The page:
February 07, 2006
It's true that once I started to meet people who agreed with me, it was easier to prefer their company to the company of others. I'd much rather nod in agreement than argue! But before that, back in college, more often than not I'd find myself talking down a road less traveled and then backing off when I realized the other person wasn't following me. I usually changed the subject or tried to find ways to agree. I began to feel more isolated, especially after my Dinesh D'Souza experience. But the war really tipped the scales; I have very little contact with anyone I was friends with before OIF. Heck, my maid of honor hasn't spoken to me in about two years. I have no problem with people growing apart, but it's sad to me that we could be friends when I knew others' political views but not when they knew mine.
However, there's one friend who has shown me that two people can be respectful of each other and put aside their differences. I met my friend from Sweden back in 1998, and we're still as close today as we were then. She's a Swede through and through; I don't think we agree on a single thing politically! However, we always manage to talk civilly and explain our positions in peace. Maybe it's easier because we come from two different worlds: we can easily shrug and say, "What else would she think, she's Swedish/American?" But we manage to make the friendship work even when we have fundamental differences in thinking: she about had a heart attack when I whooped after Timothy McVeigh was executed, and I nearly keeled over when she told me that Swedish parents receive School Supply Money from the government! She's been nothing but supportive about my husband's deployment, even though I know she's not such a fan of the military in general.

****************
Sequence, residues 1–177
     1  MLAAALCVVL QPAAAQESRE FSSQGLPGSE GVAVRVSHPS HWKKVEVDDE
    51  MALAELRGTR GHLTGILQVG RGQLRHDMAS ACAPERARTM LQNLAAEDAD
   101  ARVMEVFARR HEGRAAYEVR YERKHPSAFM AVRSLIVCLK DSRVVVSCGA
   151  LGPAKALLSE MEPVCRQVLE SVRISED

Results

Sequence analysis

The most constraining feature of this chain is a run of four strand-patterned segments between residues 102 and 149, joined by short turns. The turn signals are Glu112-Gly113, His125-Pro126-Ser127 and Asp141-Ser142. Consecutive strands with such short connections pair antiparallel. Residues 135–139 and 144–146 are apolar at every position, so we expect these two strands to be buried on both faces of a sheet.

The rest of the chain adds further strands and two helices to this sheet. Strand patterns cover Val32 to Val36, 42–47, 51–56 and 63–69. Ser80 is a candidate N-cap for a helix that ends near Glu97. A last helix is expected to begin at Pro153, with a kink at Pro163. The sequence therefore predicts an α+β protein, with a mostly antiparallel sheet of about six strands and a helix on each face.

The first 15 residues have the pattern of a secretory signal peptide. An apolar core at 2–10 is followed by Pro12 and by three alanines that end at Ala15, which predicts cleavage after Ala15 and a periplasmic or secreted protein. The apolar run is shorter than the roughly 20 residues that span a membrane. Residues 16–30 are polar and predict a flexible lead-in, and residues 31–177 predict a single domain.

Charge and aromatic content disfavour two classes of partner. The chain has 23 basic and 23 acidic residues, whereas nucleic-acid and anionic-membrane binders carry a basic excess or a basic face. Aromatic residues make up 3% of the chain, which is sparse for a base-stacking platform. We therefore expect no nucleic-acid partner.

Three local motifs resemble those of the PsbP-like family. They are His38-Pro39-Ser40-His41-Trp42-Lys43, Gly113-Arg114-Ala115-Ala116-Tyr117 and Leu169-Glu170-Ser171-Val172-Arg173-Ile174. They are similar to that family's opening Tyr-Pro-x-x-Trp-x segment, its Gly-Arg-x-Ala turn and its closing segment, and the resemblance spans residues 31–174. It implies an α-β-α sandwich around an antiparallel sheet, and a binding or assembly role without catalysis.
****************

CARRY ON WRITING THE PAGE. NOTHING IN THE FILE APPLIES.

She visited over the weekend, and we had a wonderful time. She was interested in my husband's photos from Iraq and learning about the new functional area he's applying for. She even met my two best friends here; I wonder what it's like for her to listen to my right wing friends' conversations about re-enlistment and school bullies! Erin even thought later she should apologize for sounding so American, but I think it's good for my Swedish friend to hear us as we really are. She's tolerant enough to hear the truth!
So in response to Pericles' joke, I have indeed distanced myself from many people in my life who have expressed hostility towards my husband's career or towards my views. But it doesn't have to be that way. I am completely capable of accepting my Swedish friend just the way she is because she's willing to do the same. We have a wonderful friendship, despite the fact that we're ridiculously different. She's a true friend.
Plus she uses me for my commissary privileges to stay stocked in Starbursts. I can live with that...
Posted by: Ruth H at February 07, 2006 03:24 PM (MDRy9)
Posted by: Pericles at February 07, 2006 06:48 PM (eKf5G)
Posted by: Jim Shawley at February 08, 2006 10:43 PM (dk0bl)
Posted by: Question at February 20, 2006 01:30 PM (n17hK)
Posted by: question at February 23, 2006 12:52 PM (n17hK)
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